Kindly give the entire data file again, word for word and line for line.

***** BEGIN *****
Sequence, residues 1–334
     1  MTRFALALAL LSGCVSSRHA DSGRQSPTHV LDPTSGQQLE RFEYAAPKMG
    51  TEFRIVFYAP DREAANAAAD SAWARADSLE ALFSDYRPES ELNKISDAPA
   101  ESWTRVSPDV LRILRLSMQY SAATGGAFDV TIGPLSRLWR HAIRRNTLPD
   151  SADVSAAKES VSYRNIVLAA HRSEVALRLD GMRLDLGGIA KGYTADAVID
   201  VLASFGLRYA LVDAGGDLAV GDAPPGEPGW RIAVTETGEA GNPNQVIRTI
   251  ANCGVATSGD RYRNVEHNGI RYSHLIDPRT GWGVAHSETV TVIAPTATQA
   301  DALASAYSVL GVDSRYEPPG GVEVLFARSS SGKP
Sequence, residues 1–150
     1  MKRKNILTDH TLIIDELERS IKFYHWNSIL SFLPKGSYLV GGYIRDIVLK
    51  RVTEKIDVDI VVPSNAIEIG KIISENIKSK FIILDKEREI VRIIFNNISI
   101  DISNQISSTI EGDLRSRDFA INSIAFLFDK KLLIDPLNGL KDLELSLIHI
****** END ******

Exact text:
Sequence, residues 1–334
     1  MTRFALALAL LSGCVSSRHA DSGRQSPTHV LDPTSGQQLE RFEYAAPKMG
    51  TEFRIVFYAP DREAANAAAD SAWARADSLE ALFSDYRPES ELNKISDAPA
   101  ESWTRVSPDV LRILRLSMQY SAATGGAFDV TIGPLSRLWR HAIRRNTLPD
   151  SADVSAAKES VSYRNIVLAA HRSEVALRLD GMRLDLGGIA KGYTADAVID
   201  VLASFGLRYA LVDAGGDLAV GDAPPGEPGW RIAVTETGEA GNPNQVIRTI
   251  ANCGVATSGD RYRNVEHNGI RYSHLIDPRT GWGVAHSETV TVIAPTATQA
   301  DALASAYSVL GVDSRYEPPG GVEVLFARSS SGKP
Sequence, residues 1–150
     1  MKRKNILTDH TLIIDELERS IKFYHWNSIL SFLPKGSYLV GGYIRDIVLK
    51  RVTEKIDVDI VVPSNAIEIG KIISENIKSK FIILDKEREI VRIIFNNISI
   101  DISNQISSTI EGDLRSRDFA INSIAFLFDK KLLIDPLNGL KDLELSLIHI